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Drivers believe taxi industry is run by violence and fear

Last week Thursday, a local taxi boss of Masihambisane Taxi Owners Association was gunned down in oSizweni. The attack was undoubtedly one of the most gruesome premeditated murders seen in Newcastle in recent years.

A taxi boss has been killed following the recent outbreak of violence from taxi associations in Newcastle two weeks ago.

Last week Thursday, a local taxi boss of Masihambisane Taxi Owners Association was gunned down in oSizweni.

The attack was undoubtedly one of the most gruesome premeditated murders seen in Newcastle in recent years.

Following this attack, armed taxi drivers from Gauteng drove into Newcastle on Friday morning.

It is alleged that these drivers were in the process of retaliating against Sizwe Taxi Association, and the taxi association had a major part in the violence and cause of the taxi owner’s death.

Newcastle police officers noticed the Gauteng taxis, and together with help from members of Ulundi’s Public Order Police (POP) searched and arrested the taxi drivers.

More than seven people were arrested for their involvement in the current taxi violence.

The cycle of violence is seemingly endless at the moment, and although local, regional and national taxi councils have suggested steps to stop the violence, many taxi drivers see no end in sight.

“They try to kill us and we mustn’t kill back?

“No, we will fight,” said one taxi driver, speaking on condition of anonymity.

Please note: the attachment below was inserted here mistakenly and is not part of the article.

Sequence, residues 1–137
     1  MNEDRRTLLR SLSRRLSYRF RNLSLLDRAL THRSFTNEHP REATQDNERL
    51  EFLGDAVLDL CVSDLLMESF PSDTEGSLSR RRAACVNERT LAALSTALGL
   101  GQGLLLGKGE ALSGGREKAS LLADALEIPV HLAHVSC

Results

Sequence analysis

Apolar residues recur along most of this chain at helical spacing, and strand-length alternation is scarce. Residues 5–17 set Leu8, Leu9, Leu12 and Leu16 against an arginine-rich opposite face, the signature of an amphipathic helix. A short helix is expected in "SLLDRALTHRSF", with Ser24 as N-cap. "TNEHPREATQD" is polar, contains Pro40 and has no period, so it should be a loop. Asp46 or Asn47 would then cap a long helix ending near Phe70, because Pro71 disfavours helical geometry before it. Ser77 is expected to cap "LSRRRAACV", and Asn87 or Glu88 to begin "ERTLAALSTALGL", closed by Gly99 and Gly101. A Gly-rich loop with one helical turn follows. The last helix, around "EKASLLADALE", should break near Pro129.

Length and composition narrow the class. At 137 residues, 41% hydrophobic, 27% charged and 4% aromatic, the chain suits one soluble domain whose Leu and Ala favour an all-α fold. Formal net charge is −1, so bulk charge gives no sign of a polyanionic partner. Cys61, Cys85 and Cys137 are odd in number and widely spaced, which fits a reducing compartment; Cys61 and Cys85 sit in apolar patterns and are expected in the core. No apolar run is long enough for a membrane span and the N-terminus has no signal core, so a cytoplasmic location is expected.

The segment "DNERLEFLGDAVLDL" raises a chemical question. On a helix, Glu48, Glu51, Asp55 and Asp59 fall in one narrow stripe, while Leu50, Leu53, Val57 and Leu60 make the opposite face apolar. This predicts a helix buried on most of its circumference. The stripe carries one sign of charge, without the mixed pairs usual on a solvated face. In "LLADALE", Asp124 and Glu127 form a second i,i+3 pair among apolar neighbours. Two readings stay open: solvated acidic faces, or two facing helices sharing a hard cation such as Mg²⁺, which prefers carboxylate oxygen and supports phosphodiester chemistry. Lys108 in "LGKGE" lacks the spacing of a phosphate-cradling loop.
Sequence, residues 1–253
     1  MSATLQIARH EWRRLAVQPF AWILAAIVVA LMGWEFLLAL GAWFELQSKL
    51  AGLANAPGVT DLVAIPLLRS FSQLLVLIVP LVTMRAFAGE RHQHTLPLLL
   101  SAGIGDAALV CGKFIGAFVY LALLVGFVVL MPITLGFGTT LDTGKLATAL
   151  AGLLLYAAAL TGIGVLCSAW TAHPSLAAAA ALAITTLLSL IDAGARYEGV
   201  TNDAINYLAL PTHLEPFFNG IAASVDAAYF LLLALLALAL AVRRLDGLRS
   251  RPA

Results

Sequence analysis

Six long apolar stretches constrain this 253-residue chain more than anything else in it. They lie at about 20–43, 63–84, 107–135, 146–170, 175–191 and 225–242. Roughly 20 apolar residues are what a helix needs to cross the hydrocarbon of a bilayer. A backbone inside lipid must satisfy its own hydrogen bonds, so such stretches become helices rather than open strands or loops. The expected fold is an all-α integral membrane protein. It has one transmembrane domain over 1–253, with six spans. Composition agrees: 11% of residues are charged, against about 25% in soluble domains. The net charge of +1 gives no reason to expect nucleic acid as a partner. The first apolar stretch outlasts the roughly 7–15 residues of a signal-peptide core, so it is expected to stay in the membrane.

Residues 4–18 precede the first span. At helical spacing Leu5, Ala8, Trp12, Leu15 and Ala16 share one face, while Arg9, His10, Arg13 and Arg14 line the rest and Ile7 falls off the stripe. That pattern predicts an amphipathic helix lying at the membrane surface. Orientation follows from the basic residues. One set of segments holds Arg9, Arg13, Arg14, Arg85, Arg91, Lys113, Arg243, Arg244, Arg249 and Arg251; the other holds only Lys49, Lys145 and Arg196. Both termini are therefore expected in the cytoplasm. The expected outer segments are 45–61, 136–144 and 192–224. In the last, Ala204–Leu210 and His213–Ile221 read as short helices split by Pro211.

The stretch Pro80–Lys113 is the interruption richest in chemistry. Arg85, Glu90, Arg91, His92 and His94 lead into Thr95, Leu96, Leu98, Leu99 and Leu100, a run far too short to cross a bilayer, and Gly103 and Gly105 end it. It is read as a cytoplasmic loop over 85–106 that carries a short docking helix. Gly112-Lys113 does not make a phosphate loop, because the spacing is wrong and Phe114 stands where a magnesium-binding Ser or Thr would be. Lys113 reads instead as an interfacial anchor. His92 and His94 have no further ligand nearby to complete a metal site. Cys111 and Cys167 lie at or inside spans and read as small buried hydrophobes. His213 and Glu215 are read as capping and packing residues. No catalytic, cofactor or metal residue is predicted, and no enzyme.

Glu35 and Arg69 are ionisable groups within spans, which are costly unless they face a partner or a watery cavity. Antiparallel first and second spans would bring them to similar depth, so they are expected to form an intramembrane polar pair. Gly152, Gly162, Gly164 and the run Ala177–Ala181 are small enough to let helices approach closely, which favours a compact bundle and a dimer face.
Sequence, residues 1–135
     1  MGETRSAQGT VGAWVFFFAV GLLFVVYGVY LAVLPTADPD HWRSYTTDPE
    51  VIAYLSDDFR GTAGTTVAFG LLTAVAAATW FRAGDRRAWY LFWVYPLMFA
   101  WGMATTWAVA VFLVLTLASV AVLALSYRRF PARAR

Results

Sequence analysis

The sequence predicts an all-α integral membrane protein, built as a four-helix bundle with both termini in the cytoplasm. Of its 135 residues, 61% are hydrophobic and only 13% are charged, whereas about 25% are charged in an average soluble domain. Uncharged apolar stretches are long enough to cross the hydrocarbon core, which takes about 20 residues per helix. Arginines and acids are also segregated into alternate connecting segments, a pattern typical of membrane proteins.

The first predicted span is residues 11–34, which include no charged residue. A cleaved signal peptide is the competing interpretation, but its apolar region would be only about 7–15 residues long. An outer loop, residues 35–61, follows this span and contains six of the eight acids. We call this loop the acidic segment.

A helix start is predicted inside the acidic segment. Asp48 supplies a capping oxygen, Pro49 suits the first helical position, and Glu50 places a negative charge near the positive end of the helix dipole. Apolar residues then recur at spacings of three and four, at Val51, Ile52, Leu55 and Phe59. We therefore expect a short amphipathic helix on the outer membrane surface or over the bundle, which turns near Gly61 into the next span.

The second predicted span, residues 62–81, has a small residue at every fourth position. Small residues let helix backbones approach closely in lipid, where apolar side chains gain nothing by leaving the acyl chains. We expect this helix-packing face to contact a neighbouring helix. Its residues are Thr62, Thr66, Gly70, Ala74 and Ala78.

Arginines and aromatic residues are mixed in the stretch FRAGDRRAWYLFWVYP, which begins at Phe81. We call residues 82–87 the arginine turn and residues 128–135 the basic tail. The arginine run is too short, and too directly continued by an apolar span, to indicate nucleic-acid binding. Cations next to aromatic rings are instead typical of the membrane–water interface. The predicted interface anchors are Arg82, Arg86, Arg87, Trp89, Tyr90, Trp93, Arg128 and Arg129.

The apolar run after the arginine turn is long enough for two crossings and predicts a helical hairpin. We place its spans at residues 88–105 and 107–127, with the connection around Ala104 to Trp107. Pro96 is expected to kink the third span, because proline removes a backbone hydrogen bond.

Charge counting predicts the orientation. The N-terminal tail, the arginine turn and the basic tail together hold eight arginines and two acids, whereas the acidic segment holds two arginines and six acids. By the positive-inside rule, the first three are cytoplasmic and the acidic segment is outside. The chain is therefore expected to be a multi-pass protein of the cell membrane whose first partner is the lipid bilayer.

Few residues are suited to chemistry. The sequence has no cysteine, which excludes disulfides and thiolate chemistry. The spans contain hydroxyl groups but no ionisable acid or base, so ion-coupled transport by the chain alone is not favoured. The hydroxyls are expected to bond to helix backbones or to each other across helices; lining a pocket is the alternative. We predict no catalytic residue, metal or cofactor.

He explained the taxi drivers believed they had to protect their livelihoods, even if it meant people had to be killed.

“People don’t understand- sometimes you must shoot first. Everyday we drive, and we are thinking one of these guys are going to try to kill me.”

He did however critisise the killing of the taxi bosses, because by killing a boss, the people just made things worse.

“The boss has a son, or friends who will come after you if you kill him, and they have money to do it. The taxi drivers, we just have each other.”

The current war began over a conflict between the two organisations regarding the use and levies charge by the associations for Long Distance Routes (LDRs).

A price difference of around R20 between the two organisations’ prices for a ticket, seemingly sparked the violence.

The municipality has taken a stand against the taxi violence and implemented stringent security measures in the rank.

Coupled with this, task forces of police officers from different parts of the country have been assembled to help quell the ongoing violence.

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